Caring for Parents

Getting older and perhaps living to an old age can be a problem. The recent posting(‘Cousin Bev’)which quoted from the website, parentswish, sees the problem from the point of view of the elderly. But there may also be acute and stressful problems for the families who are now responsible for them. These blogs are a way of expressing and exploring what it is like to grow older and an attempt to understand and manage the process. But that doesn’t mean that we are insensitive to our children, who now may have to be our carers as once we were their’s.

I saw an article the other day headlined ‘When Your Parents Live For Ever’, which is also the title of a book written by the author, Lavinia Cohn-Sherbok and her husband Dan. They themselves are now nearly sixty, and for the last fourteen years have cared for parents surviving into their nineties. Dan’s parents, living in his native U.S.A, suffered from debility and illness and their last years in residential care were unhappy ones.

Lavinia’s mother is 92 and in a good residential home where she is happy but which charges more than £1,000 a week.

Faced with the complexities and expense of looking after older people, the Cohn-Sherboks have devised ten ‘commandments’, which they say have helped them to cope with their own responsibilities. Here they are.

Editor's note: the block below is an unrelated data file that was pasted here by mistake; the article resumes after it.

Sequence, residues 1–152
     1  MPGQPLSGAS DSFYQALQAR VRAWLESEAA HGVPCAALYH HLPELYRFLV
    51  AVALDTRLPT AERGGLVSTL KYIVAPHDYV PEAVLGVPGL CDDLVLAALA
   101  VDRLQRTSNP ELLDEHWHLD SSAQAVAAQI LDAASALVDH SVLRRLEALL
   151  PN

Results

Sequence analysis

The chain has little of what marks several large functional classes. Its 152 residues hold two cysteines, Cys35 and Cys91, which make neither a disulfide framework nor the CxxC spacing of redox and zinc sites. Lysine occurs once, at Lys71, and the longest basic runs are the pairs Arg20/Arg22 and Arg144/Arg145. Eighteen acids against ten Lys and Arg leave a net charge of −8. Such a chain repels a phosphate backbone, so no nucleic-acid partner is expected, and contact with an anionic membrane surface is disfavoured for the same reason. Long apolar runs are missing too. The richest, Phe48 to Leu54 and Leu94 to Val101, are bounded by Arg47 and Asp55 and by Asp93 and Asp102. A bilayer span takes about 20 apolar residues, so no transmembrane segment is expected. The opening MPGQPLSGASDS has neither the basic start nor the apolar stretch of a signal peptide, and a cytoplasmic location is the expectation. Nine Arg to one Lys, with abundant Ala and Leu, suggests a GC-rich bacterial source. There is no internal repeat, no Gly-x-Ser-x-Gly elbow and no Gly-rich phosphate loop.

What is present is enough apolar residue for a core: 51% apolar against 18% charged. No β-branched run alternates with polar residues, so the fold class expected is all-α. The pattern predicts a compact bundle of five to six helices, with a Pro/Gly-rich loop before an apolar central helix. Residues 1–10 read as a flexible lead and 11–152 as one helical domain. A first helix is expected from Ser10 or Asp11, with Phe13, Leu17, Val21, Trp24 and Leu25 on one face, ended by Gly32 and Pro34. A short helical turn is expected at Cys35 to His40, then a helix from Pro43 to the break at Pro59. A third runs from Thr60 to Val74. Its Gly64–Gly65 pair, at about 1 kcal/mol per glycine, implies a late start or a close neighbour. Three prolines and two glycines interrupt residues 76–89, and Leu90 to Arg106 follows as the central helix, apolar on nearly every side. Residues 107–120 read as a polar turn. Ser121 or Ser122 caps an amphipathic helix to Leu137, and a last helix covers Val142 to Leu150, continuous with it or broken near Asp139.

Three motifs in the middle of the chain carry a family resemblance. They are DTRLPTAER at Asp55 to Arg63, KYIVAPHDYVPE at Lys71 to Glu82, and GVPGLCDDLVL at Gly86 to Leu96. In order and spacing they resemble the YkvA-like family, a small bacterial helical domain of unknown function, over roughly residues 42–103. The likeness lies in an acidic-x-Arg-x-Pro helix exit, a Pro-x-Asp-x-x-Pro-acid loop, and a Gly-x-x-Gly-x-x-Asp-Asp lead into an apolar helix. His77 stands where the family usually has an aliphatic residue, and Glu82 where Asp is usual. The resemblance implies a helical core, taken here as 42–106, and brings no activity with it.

1. Respect your parents’ independence as long as you can so that they can preserve as much of their old life as possible.
2. Try not to quarrel with the rest of the family. They are your allies.
3. Try not to feel guilty. Whatever you do will never be enough.
4. Don’t depend on a future inheritance. The cost of geriatric care is phenomenal.
5. Try to establish a good relationship with your parents’ carers.
6. Try to be guided by your sense of duty.
7. Try to be realistic about your feelings.

Allow yourself to be angry.
8. Try to be patient with your parents’ disabilities.
9. Try to forgive the past, which may not be easy.
10. Accept that you cannot do more than your best.

Adapting to changed relationships in families is a major challenge all of us face, and it can involve a lot of reflection about the past and recognition of how things are now. Perhaps these ten suggestions (rather than commandments), could help ageing parents as well as their grown up children, for in their different ways each meet a situation which is undesirable to both.